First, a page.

Warner Bros. Pictures
Rated R for language throughout.
Running time: 134 minutes.
Two stars out of four.
The Four Seasons’ music was poppy, frothy, infectious. Clint Eastwood’s movies are moody, weighty, elegant. These two artistic instincts wouldn’t seem to be a good fit for each other, and as it turns out, they’re not.
Eastwood’s film version of the hit Broadway musical “Jersey Boys,” which tracks the rise and fall and (sort of) rise of the ’60s singing group The Four Seasons, never grabs you the way it should. It’s glossy and entertaining but also safe and conventional. If my father had lived to age 72, he would have loved this movie. This is your target audience.
Eastwood — directing a script from the show’s original writers, Marshall Brickman and Rick Elice — traces the group’s origins and their key performances but never enlightens us as to what drove these men, never infuses the film with much passion.
Frankie Valli, whose otherworldly falsetto provided the foursome with its signature sound, remains a cypher even after two-plus hours on screen. We know he’s talented beyond his years as a teenager singing with his buddies on the sidewalks of blue-collar New Jersey, and we know that his friends urge him to keep honing his gift in hopes that he’ll avoid falling into a life of crime like so many others around him. But what inspires Valli (John Lloyd Young, a Tony-winner for playing the role on Broadway) to persevere through decades of highs and lows remains elusive. Is he just in it for the money? The women? The glory?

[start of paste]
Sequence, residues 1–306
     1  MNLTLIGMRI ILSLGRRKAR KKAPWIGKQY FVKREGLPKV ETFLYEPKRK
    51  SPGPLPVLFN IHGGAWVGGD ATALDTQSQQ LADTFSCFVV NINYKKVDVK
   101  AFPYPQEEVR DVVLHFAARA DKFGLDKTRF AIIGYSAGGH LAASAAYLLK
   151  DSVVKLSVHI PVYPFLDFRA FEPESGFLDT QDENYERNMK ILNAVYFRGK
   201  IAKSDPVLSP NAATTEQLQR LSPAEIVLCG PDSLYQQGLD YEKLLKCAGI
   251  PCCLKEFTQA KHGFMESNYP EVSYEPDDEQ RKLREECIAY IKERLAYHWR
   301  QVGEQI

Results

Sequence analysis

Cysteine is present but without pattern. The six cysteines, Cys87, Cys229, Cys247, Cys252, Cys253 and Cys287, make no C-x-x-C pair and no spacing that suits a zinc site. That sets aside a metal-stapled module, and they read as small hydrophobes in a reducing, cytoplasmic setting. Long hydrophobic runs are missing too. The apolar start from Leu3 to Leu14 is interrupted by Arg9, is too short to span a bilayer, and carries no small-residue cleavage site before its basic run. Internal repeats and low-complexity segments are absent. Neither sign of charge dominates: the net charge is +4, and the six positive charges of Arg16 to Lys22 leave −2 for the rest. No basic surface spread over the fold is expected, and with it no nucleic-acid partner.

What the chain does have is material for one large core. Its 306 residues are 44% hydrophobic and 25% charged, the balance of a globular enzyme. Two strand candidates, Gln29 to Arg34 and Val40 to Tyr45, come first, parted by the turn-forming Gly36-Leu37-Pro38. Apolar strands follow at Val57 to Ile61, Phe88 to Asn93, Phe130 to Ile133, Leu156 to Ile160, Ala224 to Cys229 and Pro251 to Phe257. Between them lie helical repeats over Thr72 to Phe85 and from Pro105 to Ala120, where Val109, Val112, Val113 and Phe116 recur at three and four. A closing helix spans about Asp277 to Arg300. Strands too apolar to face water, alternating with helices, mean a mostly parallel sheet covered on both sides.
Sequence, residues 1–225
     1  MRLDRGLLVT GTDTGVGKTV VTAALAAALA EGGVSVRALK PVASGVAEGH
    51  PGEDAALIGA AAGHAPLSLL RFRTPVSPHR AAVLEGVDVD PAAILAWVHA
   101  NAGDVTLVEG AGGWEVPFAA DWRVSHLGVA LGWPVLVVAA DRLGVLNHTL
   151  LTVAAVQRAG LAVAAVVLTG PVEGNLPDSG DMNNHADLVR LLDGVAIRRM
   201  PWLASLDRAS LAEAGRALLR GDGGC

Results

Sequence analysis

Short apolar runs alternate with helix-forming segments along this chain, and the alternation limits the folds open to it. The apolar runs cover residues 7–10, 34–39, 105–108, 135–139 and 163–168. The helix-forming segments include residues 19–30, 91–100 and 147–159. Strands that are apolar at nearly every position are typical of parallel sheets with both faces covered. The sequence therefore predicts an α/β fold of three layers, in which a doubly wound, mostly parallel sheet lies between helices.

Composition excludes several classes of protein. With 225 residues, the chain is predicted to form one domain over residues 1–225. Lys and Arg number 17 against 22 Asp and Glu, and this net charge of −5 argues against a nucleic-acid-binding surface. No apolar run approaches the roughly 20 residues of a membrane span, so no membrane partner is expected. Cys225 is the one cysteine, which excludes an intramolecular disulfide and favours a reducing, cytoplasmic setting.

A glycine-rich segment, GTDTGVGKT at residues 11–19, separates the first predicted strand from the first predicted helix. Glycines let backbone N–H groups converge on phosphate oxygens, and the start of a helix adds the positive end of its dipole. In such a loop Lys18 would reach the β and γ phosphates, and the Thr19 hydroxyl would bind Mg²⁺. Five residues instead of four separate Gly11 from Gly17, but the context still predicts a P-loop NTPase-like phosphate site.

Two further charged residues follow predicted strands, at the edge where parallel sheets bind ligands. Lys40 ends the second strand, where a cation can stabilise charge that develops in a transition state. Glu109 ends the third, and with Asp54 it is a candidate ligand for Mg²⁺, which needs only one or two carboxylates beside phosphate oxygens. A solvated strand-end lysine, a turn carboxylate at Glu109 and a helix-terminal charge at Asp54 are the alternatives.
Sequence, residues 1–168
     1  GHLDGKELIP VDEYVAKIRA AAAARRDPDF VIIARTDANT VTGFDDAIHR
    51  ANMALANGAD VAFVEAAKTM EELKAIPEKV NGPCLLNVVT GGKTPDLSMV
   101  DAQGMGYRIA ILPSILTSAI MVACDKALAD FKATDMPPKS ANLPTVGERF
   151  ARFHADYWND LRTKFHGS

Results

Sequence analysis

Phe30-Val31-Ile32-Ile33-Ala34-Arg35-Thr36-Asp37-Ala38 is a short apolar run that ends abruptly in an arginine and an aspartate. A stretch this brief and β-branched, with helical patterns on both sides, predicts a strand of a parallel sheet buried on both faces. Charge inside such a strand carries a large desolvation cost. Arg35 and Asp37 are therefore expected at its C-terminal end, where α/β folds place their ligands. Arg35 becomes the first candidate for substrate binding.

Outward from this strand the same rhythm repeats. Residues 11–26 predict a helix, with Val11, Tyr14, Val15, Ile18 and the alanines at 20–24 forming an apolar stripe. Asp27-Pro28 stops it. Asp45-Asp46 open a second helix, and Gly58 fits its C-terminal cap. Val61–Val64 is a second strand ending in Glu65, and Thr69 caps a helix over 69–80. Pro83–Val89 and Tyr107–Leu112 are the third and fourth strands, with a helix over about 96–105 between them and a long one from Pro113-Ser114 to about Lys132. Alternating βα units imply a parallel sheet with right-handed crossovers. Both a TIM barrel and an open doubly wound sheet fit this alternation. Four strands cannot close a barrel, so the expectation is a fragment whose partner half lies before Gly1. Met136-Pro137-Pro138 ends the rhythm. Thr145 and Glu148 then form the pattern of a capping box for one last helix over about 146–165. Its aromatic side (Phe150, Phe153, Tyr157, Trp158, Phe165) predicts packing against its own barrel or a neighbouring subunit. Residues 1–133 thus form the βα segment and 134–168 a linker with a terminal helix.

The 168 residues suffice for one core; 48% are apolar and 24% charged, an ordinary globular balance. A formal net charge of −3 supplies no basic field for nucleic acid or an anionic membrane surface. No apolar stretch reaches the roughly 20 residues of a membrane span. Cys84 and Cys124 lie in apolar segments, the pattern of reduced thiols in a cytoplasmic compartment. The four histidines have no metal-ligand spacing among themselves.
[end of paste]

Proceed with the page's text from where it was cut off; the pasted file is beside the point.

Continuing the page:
Eastwood is a lifelong lover of music and a musician himself, having composed the scores for several of his own films including “Mystic River,””Million Dollar Baby” and “Flags of Our Fathers.” It’s easy to see why he’d want to tell this particular story of struggle and success. But he maintains the stage show’s structure of allowing the band members to break the fourth wall and address the audience directly, with each man sharing his version of what “really” happened, “Rashomon”-style. Rather than serving as a source of intimacy, the device keeps us at arm’s length — and, ironically, doesn’t reveal the characters as fully fleshed-out figures.
Vincent Piazza, as the group’s founder and driving force, Tommy DeVito, is a fascinating wild card at first. Between gigs he does odd jobs for local mob boss Gyp DeCarlo (Christopher Walken). He’s selfish. He’s a hothead. He’s potentially dangerous. But in time, those qualities subside and he fades into the background. Then there’s goofy bassist Nick Massi (Michael Lomenda), who gets little more to do than function as the goofy bassist. But the introduction of straight-laced keyboardist and songwriter Bob Gaudio (a confident and great-looking Erich Bergen) helps put them on their path to pop greatness with hits like “Sherry,” “Big Girls Don’t Cry,” “Walk Like a Man” and “Rag Doll.”